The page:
You can enhance master/slave systems by adding backup servers (backup index servers and backup queue servers). Such enhanced systems offer additional high availability for indexing.
Each master index server manages some of the indexes. If a master index server goes down, indexing does not normally take place for affected indexes. You implement backup index servers to avoid this. A backup index server can replace a master index server if it becomes unavailable. The backup index server is inactive if the master index server is available.
The same is true for the queue server: If a master queue server goes down, queuing normally does not take place for the documents affected, and this means that indexing cannot take place either. You implement backup queue servers to avoid this. A backup queue server can replace a master queue server if it becomes unavailable. The backup queue server is inactive if the master queue server is available.
The TREX data has to be stored centrally in systems with backup servers. Otherwise the master and backup servers cannot access the data.
You can build systems with backup servers in the following way:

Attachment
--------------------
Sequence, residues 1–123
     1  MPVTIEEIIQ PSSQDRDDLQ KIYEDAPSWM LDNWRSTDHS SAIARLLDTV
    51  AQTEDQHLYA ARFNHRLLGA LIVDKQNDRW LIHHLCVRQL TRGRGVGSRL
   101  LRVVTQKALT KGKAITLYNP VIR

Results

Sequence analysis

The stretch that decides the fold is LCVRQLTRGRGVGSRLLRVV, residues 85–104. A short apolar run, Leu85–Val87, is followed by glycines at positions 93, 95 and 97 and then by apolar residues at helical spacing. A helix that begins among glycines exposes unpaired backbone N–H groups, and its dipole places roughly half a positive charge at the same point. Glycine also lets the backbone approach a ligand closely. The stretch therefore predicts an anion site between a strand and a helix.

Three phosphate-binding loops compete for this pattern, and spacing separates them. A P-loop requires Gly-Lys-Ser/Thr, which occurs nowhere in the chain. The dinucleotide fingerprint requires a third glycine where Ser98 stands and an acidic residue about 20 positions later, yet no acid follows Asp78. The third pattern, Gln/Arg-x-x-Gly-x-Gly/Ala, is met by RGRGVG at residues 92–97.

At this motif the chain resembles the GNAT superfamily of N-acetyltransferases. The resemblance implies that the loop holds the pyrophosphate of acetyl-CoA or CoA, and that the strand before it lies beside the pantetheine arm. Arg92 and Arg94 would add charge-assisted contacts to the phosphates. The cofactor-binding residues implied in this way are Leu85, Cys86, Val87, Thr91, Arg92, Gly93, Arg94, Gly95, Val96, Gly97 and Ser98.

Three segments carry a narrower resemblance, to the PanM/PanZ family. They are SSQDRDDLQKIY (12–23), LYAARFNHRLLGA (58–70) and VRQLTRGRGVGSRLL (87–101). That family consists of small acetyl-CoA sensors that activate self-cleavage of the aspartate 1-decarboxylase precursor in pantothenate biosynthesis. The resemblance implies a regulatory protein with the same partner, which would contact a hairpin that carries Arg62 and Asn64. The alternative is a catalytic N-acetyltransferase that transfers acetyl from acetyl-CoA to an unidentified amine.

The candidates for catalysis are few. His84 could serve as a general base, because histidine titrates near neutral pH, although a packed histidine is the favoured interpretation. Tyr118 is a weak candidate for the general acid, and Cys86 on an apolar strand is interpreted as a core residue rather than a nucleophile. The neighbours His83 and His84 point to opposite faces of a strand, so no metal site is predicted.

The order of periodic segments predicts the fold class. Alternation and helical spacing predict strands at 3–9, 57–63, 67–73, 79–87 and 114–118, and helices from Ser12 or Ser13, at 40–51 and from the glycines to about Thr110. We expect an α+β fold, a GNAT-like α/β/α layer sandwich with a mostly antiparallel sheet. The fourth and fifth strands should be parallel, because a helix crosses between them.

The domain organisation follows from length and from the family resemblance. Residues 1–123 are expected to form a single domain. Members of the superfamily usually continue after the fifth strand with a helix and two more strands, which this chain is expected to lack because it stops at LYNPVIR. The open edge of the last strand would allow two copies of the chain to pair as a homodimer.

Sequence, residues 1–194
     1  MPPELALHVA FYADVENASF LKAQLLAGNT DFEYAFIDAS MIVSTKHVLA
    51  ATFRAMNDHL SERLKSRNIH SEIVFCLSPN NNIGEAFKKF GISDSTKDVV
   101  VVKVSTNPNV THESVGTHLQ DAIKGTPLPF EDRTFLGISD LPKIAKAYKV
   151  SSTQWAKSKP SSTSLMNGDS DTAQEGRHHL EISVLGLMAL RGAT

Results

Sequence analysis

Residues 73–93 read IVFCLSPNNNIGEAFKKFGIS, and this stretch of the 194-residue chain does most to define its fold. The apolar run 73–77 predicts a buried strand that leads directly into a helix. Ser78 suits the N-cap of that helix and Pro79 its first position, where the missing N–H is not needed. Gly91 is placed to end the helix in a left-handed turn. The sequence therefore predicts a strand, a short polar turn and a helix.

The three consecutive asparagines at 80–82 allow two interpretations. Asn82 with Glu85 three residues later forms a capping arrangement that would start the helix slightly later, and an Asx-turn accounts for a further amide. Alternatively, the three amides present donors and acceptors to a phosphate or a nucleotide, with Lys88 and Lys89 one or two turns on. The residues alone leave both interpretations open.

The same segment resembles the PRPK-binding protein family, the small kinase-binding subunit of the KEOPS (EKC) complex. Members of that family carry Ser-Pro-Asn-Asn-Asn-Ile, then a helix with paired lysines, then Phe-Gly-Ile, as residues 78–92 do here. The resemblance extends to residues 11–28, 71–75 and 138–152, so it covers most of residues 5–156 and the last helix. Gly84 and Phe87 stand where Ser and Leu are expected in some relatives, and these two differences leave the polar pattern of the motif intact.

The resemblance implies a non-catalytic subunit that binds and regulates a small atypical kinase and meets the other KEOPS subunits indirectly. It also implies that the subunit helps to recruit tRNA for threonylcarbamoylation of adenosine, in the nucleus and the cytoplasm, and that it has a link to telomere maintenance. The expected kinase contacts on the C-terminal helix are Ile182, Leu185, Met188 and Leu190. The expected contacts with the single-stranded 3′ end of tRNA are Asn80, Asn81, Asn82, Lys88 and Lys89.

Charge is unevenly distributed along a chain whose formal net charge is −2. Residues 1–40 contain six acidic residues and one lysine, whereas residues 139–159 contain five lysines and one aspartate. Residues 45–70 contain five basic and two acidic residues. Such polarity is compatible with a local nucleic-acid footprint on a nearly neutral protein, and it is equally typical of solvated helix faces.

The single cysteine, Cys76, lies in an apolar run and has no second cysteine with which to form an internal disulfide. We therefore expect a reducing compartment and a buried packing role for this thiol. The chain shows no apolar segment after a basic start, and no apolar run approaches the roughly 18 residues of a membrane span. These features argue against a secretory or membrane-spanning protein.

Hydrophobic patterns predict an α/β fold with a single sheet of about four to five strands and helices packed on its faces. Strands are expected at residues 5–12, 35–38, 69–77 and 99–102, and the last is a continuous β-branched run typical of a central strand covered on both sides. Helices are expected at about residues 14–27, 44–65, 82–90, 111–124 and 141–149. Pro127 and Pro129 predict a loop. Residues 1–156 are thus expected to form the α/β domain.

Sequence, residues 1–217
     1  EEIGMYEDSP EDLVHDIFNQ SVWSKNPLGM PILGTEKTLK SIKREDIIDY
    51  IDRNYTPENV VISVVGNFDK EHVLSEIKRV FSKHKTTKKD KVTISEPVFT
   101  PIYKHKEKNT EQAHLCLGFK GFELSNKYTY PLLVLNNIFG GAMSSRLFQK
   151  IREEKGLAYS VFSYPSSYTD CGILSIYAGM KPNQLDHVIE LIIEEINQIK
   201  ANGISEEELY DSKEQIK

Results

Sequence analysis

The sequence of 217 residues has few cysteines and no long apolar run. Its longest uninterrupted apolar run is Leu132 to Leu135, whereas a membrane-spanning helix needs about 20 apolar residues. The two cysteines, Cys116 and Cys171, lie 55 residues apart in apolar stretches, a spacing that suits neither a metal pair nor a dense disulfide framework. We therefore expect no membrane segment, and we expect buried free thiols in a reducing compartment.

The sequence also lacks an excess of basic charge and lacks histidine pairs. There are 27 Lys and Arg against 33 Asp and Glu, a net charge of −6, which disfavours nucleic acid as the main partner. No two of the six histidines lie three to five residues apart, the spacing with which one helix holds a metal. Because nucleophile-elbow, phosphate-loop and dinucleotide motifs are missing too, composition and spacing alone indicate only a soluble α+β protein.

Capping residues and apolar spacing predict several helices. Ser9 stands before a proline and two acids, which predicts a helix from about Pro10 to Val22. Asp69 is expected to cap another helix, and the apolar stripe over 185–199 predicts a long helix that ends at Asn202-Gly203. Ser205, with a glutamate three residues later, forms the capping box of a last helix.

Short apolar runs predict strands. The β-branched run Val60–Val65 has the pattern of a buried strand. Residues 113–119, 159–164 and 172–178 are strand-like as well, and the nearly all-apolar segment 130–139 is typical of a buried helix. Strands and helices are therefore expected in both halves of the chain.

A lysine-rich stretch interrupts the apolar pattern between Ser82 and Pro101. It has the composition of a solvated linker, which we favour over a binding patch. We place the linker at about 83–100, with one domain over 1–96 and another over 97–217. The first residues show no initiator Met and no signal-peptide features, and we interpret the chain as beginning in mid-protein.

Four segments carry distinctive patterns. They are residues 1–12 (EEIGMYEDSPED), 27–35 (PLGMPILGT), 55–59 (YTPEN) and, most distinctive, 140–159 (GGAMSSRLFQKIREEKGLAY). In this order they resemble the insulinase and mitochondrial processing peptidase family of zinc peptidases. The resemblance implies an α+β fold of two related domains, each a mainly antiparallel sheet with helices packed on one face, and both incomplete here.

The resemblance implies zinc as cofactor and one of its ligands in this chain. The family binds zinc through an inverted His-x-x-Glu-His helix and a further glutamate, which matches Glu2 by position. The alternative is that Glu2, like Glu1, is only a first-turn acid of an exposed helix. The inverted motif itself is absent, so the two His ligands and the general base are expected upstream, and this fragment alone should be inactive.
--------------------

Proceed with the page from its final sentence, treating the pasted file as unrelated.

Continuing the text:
The following factors dictate which variant to choose.
The smallest recommended system with backup servers consists of one file server, one backup server, one master server, and two slave servers.
The graphic below depicts this system.
As many index servers must run on the backup host as run on the master host. If two index servers run on the master host, two index servers must run on the backup host.
The graphic below depicts a larger system with multiple master and backup hosts.
In this system, both master hosts can be down at the same time, because each has its own backup host.
One Backup Server for All Master Servers
You can build systems in which one backup host is assigned to all master hosts. Only one master host can be down at any one time in such systems. If multiple master hosts with a full load go down, one backup host cannot take on the entire load.
The graphic below depicts a system with two master hosts that share a backup host.